“The collective energy created positive momentum, and with every success and failure, it just kept getting better.” —Con Williamson

Jeff Hoffman is an eighteen-year agency veteran who has enjoyed his own personal growth. “Once we overcame the fear of what could go wrong and embraced the excitement of what could go right,” he says, “the mix of old and new created a culture of inclusiveness that allowed everyone to try new things. Speaking for myself, I have evolved by working alongside new talent and absorbing fresh perspectives that have deepened my character.” John Cornette has grown too. “In New York, I made a lot of decks for meetings. Here, I make things to test our logic and sell ideas. I take fresh approaches to problem-solving, client experience making and content creation.” He’s getting his hands dirty. And that feels good.


Screw the Secret Sauce—build a Sauce Factory. CoLab is a 10,000-square-foot production studio/workshop inside Taylors Mill, a former textile factory just outside Greenville city limits. Inside this enormous complex, a range of artists and artisans ply their trade: craft brewers, zither makers, hatchet throwers, therapeutic window smashers, web developers, filmmakers, letterpress people, as well as other artists, admen and adwomen, and madmen. It is not unlike most warehouse spaces you’ll see in other cities, with an important difference: it’s about five football fields long, two football fields wide, and remains surrounded by farms and ramshackle, old mill houses.

CoLab lies in the back of the complex, a half mile from the main road, a whirling, buzzing, full-service production work-shop. It’s an idea factory and, arguably, the agency’s great differentiator. “Welcome to our fantasy factory,” bellows Karl Dunn, who is a nineteen-year agency veteran. “Not everyone can visualize an idea on a napkin,” he says. “Here, we bring ideas to life.” He brings a sense of craft and continuity to his team inside this brick-walled shop. He believes any idea thrown their way can be transformed into a tangible product, including models, props, sets, prototypes, films, videos and music, made by a motivated team of “innovation engineers.” They’ve turned Puma athletic shoes into drum sets, toy trucks into hurricane-relief food truck models, drywall into dining booths, pencil sketches into full-scale steel sculptures and countless storyboards into social media moments. It’s a kind of Santa’s workshop, relocated to the Deep South.

Kyle Jones, group creative director, recently joined the agency after years in San Francisco. “A headhunter called one day to discuss a job at EP+Co. I’d never heard of them. Then John Cornette asked me to come over.” He recalls his first look at CoLab. “When I first saw people making things out at CoLab, I thought they’d hired actors to play millworkers. I couldn’t believe it. Real people given real freedom to make real things. I thought to myself, ‘God, I hope they make me an offer.’” They did.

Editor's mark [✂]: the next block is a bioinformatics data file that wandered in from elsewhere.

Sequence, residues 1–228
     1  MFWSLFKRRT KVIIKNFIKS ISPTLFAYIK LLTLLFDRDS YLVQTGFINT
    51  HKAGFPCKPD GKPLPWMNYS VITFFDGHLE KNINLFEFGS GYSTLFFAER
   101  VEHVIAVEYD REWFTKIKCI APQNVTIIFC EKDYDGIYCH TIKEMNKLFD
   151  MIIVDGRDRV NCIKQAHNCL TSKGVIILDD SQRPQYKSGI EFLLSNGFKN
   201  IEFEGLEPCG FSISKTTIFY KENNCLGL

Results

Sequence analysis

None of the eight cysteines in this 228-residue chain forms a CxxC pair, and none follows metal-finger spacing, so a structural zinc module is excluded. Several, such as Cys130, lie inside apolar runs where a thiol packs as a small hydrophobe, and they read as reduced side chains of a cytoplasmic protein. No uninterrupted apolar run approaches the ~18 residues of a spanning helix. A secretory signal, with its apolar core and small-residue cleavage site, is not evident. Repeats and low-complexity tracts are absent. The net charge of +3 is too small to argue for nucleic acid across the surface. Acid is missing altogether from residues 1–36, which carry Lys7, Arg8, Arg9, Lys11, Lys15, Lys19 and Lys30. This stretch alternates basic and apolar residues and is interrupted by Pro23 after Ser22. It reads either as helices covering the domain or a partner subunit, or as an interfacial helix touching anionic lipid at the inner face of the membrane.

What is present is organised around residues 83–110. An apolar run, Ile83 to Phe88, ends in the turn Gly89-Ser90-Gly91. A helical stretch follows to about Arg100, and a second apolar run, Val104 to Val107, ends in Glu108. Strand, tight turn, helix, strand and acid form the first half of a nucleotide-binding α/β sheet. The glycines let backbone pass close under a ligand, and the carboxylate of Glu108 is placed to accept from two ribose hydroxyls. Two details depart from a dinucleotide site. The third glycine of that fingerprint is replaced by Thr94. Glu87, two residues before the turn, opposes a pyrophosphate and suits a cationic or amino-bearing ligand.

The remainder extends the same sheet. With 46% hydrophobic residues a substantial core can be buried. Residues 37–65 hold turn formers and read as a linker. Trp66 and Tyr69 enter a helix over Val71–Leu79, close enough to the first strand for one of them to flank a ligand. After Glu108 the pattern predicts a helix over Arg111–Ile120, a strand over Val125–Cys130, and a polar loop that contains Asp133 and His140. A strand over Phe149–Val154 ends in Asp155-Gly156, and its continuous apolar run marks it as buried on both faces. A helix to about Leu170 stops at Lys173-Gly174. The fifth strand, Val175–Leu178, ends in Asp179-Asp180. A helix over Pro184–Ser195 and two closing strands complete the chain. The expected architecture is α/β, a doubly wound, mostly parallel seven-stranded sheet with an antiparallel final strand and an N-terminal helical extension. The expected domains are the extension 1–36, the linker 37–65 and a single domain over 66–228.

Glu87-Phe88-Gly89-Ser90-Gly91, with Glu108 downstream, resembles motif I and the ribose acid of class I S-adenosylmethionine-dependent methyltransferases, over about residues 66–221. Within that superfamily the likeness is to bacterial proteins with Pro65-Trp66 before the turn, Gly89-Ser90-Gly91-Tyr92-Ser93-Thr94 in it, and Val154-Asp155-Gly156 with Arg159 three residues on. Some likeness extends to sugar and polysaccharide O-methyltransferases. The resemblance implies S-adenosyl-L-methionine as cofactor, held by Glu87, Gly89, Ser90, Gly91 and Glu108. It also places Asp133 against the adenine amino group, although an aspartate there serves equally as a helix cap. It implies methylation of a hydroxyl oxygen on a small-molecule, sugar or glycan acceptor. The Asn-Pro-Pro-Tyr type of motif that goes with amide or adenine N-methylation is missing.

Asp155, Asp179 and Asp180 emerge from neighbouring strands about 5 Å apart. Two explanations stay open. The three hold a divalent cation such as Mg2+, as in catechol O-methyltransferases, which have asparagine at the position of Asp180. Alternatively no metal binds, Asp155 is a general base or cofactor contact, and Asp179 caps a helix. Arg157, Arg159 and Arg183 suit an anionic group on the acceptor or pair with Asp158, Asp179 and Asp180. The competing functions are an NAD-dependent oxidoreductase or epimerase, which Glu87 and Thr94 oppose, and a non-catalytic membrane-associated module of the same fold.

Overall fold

“Once we overcame the fear of what could go wrong and embraced the excitement of what could go right, the mix of old and new created a culture of inclusiveness that allowed everyone to try new things.” —Jeff Hoffman

“No one here is afraid to fail,” says Seth Hunt, creative content engineer at CoLab. “Not even our clients.” Two weeks into Heather Grace’s new job at CoLab, Hunt handed her a welding torch. “You want to learn how to weld?” he asked. “Go weld!” Hunt’s trust instilled confidence in Grace. She learned to not only “Unthink Everything,” but also try anything.


Williamson remembers a moment a year after joining EP+Co, when he realized the “Porsche” they were building was going to run. “We were heads down, cranking. I paused and looked around, and suddenly it occurred to me: ‘Holy shit, this just might work!’”

He is having the time of his life. While medals and fame had come to him at Saatchi, Fallon and J. Walter Thompson, today, Williamson feels his work is a part of life and happiness. “I’ve always loved what I do, but not necessarily the way I’ve done it,” he reflects. “All the other stuff never really mattered. What matters are my family, friends, colleagues, clients and community. I’m now the best version of myself because I found a place where I’ve achieved that elusive work-life balance. Here, I can do what I love and be with those I love, equally.”

Cornette feels the same way. “You know, Con and I needed this place as much as they needed us. Now that we’ve got what we always dreamed of, we look at each other and say, ‘OK, now what?’”

Now what?” Who knows, but it is certain change will come. And the people at EP+Co will be ready. ca

Matthew Porter is a writer, critic and creative consultant who lives in his hometown, Atlanta, Georgia. His company is PorterWrite Design Consulting.